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The Antelope

Ickler donates for life-saving treatment

Autumn Ickler prepares for her surgery to donate her bone marrow to someone in need.


It is amazing that a simple donation can save the life of another person. Many of us have donated blood, but donating bone marrow is a completely different experience. 

UNK student Autumn Ickler, a junior, knows this experience firsthand. 

Be The Match®, an organization that matches patients in need of bone marrow transplants with donors, frequently visits college campuses in search of potential donors. When they visited the UNK campus, Ickler was eager to be put on the donor registry. Typically, only one in 450 registered donors is actually called upon to give, and Ickler was the lucky one. 

Ickler received a phone call and text from Be The Match® saying that she was a match and that they would like to move forward with the donation process. Ickler was eager to donate and gave her consent without hesitation. Although they were worried at first, her family was quick to support her decision to have the surgery and donate her bone marrow.

Before her donation, Ickler went through a series of health screenings, including a two-hour phone conversation in which the process was explained, they analyzed her medical history, and she was able to ask questions. Ickler said, “One of the first things I asked was ‘When can I do this again, and how many times?’” After some tests, it was clear that Ickler was a match, and a surgery was scheduled for January 21st at the Buffet Cancer Center in Omaha.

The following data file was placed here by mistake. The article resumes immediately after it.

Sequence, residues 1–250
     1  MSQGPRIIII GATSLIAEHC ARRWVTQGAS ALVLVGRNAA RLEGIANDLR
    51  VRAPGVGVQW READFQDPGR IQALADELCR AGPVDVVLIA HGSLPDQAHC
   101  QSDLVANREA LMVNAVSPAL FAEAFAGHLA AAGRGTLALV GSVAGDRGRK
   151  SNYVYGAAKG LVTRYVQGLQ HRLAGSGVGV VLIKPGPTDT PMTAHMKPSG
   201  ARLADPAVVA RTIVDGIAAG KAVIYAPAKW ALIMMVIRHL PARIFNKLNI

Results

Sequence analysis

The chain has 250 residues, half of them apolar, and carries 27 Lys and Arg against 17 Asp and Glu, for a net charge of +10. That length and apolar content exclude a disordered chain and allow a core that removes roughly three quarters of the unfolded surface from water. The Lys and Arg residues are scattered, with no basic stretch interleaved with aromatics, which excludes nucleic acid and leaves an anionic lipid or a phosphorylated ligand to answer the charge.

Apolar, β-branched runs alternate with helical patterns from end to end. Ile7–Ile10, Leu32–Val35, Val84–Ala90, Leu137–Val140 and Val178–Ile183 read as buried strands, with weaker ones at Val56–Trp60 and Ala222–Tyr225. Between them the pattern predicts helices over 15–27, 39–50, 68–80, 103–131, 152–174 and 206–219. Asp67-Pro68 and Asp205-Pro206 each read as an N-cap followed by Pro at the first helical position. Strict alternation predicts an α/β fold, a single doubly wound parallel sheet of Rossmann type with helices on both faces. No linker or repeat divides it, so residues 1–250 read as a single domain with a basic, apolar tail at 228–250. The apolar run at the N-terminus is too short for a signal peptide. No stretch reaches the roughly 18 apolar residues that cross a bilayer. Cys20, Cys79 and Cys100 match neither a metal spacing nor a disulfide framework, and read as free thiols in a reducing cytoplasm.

She went into surgery without fear knowing that she was doing something valuable. Ickler was put under anesthesia while doctors made six incisions and used a syringe to draw 1-1.5 liters of bone marrow from her pelvis. In most cases, the donation is an outpatient surgery, but Ickler had to stay overnight due to some complications from low hemoglobin. She returned home the next day but was still experiencing problems. She was then admitted to the emergency room in Plainview, NE where she received a blood transfusion. Ickler felt much better after the transfusion and quickly returned to her normal state of health. 

Even after enduring the inconveniences of the complications, Ickler still had a good experience overall and would do it all over again. “A week and two days of pain was worth it to give someone their life back,” Ickler said. She received excellent care at the medical centers, and Be The Match® covered all of her expenses. “I can’t thank them enough,” Ickler said, though she is the one that deserves the thanks.  

Ickler doesn’t know much about the recipient of her donation other than she is a 54-year-old cancer patient that lives somewhere in the United States, but she feels a close connection to her. When a year has passed after the operation, the donor and recipient will have the opportunity to meet one another if both parties give consent. Ickler can’t wait to meet the person that now has a piece of her, but she would understand if the recipient doesn’t wish to get in touch. 

This experience was eye-opening for Ickler, and she advises everyone who is eligible to register as a bone marrow donor. She encourages people to consider how they would feel if their loved one needed a transplant, but there were no available donors. She believes that if more people registered, more lives could be restored. 

Overall, donating bone marrow was a rewarding experience for Ickler, and she is glad that she had this opportunity. This experience has further ingrained a motto by which she has always strived to live. Ickler said, “Love strangers, be kind, and don’t judge because you never know what someone is going through.”

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